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The Minnesota Daily

Serving the UMN community since 1900

The Minnesota Daily

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The Minnesota Daily

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U vets warn dog flu might spread

A University veterinarian said the flu can be mistaken for kennel cough.

Local veterinarians are concerned about a spreading dog virus, but Pete Gillespie and his 2-month-old puppy Bailie hadn’t heard about it.

The virus infected hundreds of dogs in Wisconsin last year. University veterinarians said they’re expecting cases to cross the border and want to increase awareness of the flu.

Gillespie, an electrical engineering junior, said, “I think that’s really scary, and I mean, there’s nothing you can do about it?”

The new virus has been linked to horse influenza. The strain apparently jumped from one species to another, which is rare, said Jeff Bender, assistant professor at the College of Veterinary Medicine.

“What’s unusual about the canine flu is that we don’t think of dogs as having influenza and here there’s been, basically, a virus that has jumped between horses and dogs, so that’s unique,” he said.

The virus was discovered early last year when several greyhounds died at a Florida racetrack. Cases have also been spotted in other states, such as New York and Iowa, in greyhounds and domestic canines.

So far, no cases have been reported in Minnesota, but veterinarian clinics are using caution.

“Hand washing and hand hygiene is important in trying to prevent movement from one animal to another,” Bender said.

It is not easy to track and confirm the spread of the virus, due to unreported cases and indistinct symptoms, Bender said.

Canine influenza can easily be mistaken for kennel cough because of similar symptoms, he said.

“Some cases (of canine influenza) were with a high fever and pneumonia, which generally you don’t necessarily see in kennel cough,” Bender said.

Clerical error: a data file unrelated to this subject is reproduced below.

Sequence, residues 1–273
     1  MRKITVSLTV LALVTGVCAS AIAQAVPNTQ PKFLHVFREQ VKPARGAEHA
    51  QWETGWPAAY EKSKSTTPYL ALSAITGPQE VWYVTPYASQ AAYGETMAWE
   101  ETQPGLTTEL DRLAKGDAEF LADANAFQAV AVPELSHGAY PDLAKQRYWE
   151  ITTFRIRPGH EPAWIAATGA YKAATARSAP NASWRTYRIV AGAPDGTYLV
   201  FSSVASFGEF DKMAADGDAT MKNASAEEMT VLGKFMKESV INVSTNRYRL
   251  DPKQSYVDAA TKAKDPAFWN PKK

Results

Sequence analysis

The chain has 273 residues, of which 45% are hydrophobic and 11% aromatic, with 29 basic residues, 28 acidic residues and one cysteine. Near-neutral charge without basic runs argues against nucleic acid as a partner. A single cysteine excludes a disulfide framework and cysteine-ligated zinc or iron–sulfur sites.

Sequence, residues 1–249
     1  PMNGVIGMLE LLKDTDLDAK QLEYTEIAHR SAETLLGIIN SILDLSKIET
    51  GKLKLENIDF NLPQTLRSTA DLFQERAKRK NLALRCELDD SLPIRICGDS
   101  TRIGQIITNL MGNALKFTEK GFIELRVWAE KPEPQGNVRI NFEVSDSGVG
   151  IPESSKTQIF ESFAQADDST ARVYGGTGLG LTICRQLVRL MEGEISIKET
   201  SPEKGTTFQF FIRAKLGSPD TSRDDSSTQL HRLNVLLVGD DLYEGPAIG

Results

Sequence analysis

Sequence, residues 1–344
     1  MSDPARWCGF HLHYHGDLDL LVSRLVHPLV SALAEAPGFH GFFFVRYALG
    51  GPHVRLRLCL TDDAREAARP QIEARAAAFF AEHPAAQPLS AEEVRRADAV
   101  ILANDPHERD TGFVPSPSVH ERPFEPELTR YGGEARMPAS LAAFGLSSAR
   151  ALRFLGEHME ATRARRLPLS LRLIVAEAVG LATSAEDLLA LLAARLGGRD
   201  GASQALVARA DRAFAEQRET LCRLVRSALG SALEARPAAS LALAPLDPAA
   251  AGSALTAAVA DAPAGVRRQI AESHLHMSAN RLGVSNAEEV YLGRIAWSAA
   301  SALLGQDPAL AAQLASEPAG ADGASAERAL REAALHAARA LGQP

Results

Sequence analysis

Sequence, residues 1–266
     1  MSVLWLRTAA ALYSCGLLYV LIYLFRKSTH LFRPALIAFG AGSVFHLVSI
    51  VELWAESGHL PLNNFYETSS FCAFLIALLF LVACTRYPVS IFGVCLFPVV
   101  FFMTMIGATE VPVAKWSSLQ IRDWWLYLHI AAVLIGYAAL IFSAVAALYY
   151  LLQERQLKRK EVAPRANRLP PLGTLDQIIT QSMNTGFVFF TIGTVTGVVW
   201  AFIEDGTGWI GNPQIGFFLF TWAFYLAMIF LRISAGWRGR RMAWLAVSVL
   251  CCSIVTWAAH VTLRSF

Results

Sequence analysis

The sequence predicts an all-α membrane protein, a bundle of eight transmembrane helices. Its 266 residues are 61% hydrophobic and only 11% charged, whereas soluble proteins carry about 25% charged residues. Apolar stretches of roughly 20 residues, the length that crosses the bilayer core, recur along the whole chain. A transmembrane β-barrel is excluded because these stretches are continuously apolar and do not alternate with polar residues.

Typically there are two forms of the infection. The milder cases exhibit coughing that lasts two to three weeks and possibly a mild fever. The severe form is characterized by high fever and an increased respiratory rate. The death rate is 1 percent to 5 percent.

Some student dog-owners are aware of the new virus and are concerned for their pets.

“I’m a little worried Ö It would really be terrible for (my dog) if I couldn’t take him to places where other dogs are,” said Diane Barnell, a first-year veterinary student.

Others are not as worried about the virus.

“I probably wouldn’t (act differently) because it’s a very, very low ratio of dogs that get infected,” said Marcie Deremer, who was visiting the University clinic with her dog Hope.

Not much can be done to protect pets from the flu, since nearly all dogs that come in contact with the virus get infected.

“If they wanted to visit kennel parks or places where other dogs are, they probably should be aware of the health of their dog, and if their dog is ill, they shouldn’t go,” Bender said.

Bender said a dog with symptoms should be taken to the veterinarian.

Rare cases of flu transmission from poultry and pigs to humans have been reported, but there are no indications canine flu will behave in a similar way.

Researchers are working to create a vaccine for dogs.

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